Book Review: Court of Lions

Somaiya Daud

Rating: 4.5 out of 5.

published: 6th August 2020
spoilers? no


Two identical girls, one a princess, the other a rebel. Who will rule the empire?

After being swept up into the brutal Vathek court, Amani, the ordinary girl forced to serve as the half-Vathek princess’s body double, has been forced into complete isolation. The cruel but complex princess, Maram, with whom Amani had cultivated a tenuous friendship, discovered Amani’s connection to the rebellion and has forced her into silence, and if Amani crosses Maram once more, her identity – and her betrayal – will be revealed to everyone in the court.

Amani is desperate to continue helping the rebellion, to fight for her people’s freedom. But she must make a devastating decision: will she step aside, and watch her people suffer, or continue to aid them, and put herself and her family in mortal danger? And whatever she chooses, can she bear to remain separated, forever, from Maram’s fiancé, Idris?

Weakness or treason – they were the same, weren’t they? There was no room for grief. There never had been.

Galley provided by publisher

I have been waiting so long for Court of Lions that I almost can’t believe now that it’s here. But it is here, and it was so definitely worth the wait.

The book picks up pretty much immediately following the end of Mirage. Which was sort of good because I couldn’t remember a whole lot of what happened in Mirage, and starting so close on the tail of the ending meant that there was just a hint of a rundown of what happened. So that definitely helped.

(At this point, I feel obliged to note that if you haven’t read Mirage, what on earth have you been doing instead??)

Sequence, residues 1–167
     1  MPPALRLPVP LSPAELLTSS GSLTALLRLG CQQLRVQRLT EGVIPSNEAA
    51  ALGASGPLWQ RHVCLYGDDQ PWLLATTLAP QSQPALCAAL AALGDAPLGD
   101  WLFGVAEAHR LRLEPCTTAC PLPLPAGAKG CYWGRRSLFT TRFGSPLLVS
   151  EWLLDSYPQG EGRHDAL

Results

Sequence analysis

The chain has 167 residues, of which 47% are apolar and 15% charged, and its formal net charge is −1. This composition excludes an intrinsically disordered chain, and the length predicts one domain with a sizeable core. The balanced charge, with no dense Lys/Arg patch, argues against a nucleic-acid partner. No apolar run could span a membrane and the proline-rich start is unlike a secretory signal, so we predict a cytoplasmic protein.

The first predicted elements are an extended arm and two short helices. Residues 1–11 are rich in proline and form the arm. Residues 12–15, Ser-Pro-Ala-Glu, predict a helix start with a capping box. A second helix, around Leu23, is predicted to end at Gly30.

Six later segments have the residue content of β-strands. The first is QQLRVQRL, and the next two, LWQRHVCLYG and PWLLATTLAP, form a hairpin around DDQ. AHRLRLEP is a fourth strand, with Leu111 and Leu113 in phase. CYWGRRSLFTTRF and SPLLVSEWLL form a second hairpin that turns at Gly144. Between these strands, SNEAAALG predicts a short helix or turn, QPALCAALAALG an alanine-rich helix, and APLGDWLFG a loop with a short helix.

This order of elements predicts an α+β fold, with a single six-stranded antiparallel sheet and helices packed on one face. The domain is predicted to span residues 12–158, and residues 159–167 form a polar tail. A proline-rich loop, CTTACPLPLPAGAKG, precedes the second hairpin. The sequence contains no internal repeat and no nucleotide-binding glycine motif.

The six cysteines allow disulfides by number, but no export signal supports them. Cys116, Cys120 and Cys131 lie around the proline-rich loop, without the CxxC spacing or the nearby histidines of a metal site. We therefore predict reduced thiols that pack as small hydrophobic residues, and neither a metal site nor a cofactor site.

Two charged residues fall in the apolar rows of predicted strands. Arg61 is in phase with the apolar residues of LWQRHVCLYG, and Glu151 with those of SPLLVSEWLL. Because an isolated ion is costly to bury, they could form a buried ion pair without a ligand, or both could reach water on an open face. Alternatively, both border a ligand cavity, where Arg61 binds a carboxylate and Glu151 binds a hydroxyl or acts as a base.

Unlike Mirage, Court of Lions has a dual POV setup. Which means we finally get to see Maram’s POV (although it does not quite follow the same timeline as Amani’s, starting further back before catching up). And I loved being able to see that, because it really shows her turmoil, does she follow Amani, her proclaimed sister, or does she bow to her father’s will? And, of course, it means we get to see first hand her romance with Aghraas.

In addition to Maram’s POV, what I loved about the book was the characters. This was true in the first book, but doubly true here. In Mirage, I found myself not really liking Idris and Amani’s relationship because it felt a little rushed. But that was actually one of my favourite parts of this book, because of the whole forbiddin and angst-ridden facets of it.

And the way everything developed, with first Maram and Amani plotting, then Idris joining in? I loved seeing all three of them together and interacting.

I think the only thing I would say here is that the book never really felt high-stakes in the same way as Mirage did. It was almost like all the hard work in building up tension was done there, and now it’s all downhill (i.e. easy) from here. In any other book, that might have caused me to round down, but I just loved the characters too much to do that.

Overall then, Court of Lions is a highly satisfying and enjoyable conclusion to the duology. I only wish it had been about ten times the length.

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